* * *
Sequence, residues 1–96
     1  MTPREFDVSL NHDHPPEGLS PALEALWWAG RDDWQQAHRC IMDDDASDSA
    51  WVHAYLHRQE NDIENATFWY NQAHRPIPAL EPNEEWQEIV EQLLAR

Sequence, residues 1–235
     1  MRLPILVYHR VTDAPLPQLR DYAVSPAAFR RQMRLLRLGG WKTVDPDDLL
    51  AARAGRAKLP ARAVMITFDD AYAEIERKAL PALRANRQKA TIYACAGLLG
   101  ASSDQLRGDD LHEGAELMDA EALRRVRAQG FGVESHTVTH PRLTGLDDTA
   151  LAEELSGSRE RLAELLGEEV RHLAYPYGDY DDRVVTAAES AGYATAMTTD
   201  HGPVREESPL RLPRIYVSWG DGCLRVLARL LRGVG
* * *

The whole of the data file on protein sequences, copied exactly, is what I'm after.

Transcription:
Sequence, residues 1–96
     1  MTPREFDVSL NHDHPPEGLS PALEALWWAG RDDWQQAHRC IMDDDASDSA
    51  WVHAYLHRQE NDIENATFWY NQAHRPIPAL EPNEEWQEIV EQLLAR

Sequence, residues 1–235
     1  MRLPILVYHR VTDAPLPQLR DYAVSPAAFR RQMRLLRLGG WKTVDPDDLL
    51  AARAGRAKLP ARAVMITFDD AYAEIERKAL PALRANRQKA TIYACAGLLG
   101  ASSDQLRGDD LHEGAELMDA EALRRVRAQG FGVESHTVTH PRLTGLDDTA
   151  LAEELSGSRE RLAELLGEEV RHLAYPYGDY DDRVVTAAES AGYATAMTTD
   201  HGPVREESPL RLPRIYVSWG DGCLRVLARL LRGVG